Cherry Street trackage would be extended south meeting up with the Waterfront East line at Queens Quay and continuing south to the Port Lands. The map shows a loop at the Ship Channel, but it is possible that the terminus will actually be north of the new river channel on Villiers Island.
Design options for each segment of the extension are shown below.
On June 15, 2022, City Council debated a report about future LRT lines in the Waterfront and on Eglinton Avenue East. As with all transit discussions transit discussions, other topics including the Sheppard West subway made an appearance. A short staff presentation added a few more details about problems at Kennedy Station that triggered changes in the Eglinton East proposal.
The Changing Configuration of the Scarborough Subway Extension and LRT
Some of the issues at Kennedy Station arise from changes made over the years in the Scarborough Subway Extension (SSE) project effecting the alignment and size of the subway tunnel. The staff presentation did not explore all of this history, but one cannot really understand what has happened without all of the details.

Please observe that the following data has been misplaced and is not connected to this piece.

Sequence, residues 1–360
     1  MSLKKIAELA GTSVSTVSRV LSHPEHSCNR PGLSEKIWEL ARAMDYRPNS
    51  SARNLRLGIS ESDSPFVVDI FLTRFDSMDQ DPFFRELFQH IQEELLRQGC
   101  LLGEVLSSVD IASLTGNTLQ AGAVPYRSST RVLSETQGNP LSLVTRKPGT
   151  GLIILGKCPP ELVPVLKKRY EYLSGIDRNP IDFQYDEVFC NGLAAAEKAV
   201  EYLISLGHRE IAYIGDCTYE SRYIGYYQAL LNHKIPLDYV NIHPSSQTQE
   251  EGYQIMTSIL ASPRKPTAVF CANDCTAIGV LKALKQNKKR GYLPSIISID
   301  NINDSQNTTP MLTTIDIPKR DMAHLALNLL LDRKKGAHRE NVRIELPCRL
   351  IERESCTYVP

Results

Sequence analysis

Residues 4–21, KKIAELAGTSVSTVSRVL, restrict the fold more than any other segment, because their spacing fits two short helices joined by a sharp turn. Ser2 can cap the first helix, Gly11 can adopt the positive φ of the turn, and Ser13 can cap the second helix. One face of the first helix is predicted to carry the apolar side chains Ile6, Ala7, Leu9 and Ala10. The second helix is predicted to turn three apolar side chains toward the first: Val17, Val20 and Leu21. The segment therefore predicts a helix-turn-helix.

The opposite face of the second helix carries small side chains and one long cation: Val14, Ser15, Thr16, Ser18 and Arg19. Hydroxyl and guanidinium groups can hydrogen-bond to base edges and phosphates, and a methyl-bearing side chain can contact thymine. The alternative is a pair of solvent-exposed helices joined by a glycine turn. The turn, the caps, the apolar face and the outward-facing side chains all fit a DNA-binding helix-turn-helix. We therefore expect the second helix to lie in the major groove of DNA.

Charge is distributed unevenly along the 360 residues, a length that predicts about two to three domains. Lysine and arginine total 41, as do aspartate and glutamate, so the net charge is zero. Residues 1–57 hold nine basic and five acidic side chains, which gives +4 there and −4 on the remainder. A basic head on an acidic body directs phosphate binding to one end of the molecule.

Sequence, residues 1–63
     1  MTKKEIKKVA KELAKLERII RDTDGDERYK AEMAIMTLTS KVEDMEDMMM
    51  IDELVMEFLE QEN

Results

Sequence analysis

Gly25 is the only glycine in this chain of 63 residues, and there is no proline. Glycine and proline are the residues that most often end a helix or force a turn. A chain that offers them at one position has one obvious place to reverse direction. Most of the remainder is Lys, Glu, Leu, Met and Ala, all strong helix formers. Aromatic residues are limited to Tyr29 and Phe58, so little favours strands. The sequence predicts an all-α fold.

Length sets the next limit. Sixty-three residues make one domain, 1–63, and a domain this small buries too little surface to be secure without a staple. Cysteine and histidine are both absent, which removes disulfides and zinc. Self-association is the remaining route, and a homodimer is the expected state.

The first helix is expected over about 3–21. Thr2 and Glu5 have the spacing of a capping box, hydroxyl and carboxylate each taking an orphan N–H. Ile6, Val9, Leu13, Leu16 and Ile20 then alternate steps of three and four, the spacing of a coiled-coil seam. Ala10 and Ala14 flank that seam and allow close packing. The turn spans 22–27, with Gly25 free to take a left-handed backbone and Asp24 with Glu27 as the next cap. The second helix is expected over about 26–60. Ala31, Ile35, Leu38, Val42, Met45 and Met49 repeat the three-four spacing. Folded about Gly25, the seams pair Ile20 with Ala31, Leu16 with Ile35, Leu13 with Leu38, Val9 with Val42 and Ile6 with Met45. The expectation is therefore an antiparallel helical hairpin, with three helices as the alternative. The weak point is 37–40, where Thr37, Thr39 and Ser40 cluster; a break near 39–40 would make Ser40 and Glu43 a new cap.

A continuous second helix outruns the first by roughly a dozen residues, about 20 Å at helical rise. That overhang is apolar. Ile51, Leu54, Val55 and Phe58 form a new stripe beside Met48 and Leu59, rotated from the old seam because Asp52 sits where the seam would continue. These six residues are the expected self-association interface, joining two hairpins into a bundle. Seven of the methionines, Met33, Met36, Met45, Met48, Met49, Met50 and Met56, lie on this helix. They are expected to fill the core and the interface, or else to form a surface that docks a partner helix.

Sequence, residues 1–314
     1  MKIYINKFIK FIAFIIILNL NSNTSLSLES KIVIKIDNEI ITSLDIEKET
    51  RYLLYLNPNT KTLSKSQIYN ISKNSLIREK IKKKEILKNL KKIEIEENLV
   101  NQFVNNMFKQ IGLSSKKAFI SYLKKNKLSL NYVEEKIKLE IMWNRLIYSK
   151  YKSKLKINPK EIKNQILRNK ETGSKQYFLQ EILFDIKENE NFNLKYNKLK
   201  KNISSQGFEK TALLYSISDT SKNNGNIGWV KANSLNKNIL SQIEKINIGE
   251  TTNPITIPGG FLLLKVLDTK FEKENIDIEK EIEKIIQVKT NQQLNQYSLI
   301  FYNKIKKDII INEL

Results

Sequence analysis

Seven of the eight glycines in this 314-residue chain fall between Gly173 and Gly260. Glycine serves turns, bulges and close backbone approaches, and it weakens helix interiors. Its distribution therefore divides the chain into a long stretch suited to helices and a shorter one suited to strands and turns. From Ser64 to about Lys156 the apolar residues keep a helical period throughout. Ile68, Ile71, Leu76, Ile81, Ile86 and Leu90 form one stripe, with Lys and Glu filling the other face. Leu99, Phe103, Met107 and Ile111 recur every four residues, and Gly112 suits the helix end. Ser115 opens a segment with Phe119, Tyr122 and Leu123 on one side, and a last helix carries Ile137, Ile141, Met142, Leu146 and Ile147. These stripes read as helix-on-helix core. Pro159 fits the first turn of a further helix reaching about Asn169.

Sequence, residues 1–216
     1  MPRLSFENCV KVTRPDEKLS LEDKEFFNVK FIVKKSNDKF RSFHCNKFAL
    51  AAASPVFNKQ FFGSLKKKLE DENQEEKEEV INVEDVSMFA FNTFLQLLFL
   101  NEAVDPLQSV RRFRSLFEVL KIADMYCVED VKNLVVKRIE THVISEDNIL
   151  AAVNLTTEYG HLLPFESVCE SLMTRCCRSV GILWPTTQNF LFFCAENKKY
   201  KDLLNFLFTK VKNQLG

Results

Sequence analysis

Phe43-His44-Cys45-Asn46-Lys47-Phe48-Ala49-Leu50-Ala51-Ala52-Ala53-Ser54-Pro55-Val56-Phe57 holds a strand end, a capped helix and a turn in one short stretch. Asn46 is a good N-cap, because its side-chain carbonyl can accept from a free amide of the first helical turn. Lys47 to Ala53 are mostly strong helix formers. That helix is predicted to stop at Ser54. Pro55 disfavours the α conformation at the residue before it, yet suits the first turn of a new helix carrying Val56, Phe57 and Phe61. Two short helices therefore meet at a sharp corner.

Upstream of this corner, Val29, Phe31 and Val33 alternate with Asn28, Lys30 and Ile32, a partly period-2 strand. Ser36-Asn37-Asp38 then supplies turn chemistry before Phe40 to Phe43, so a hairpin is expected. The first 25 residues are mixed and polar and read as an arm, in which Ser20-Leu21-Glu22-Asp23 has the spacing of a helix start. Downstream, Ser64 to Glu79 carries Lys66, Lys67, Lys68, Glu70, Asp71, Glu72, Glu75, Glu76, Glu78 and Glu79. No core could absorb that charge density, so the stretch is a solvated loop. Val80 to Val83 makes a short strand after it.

The City talks of Metrolinx deciding to widen the subway structure, but the story is more complicated.
The original plan for Kennedy Station (when the Scarborough network was LRT-based under Transit City) would have seen the new LRT station immediately north of and adjacent to the subway station. It would have been a multi-level station given the number of lines it would serve.
The bottom level, at the same elevation as the subway platform, would have served the Crosstown (Line 5). This would have provision for eastward extension under the GO corridor and then surfacing in Eglinton Avenue as the Scarborough-Malvern LRT line (now known as the Eglinton East LRT, or EELRT).
The upper level, at the same elevation as the mezzanine of the subway station and one below the surface bus loop, would have served the LRT replacement for the SRT (SLRT). There would have been a large loop and loading platform at the north side of the mezzanine somewhat like the arrangement at Spadina Station for the 510 Spadina streetcar, but considerably larger given the passenger volumes and size of trains that would operate on the SLRT.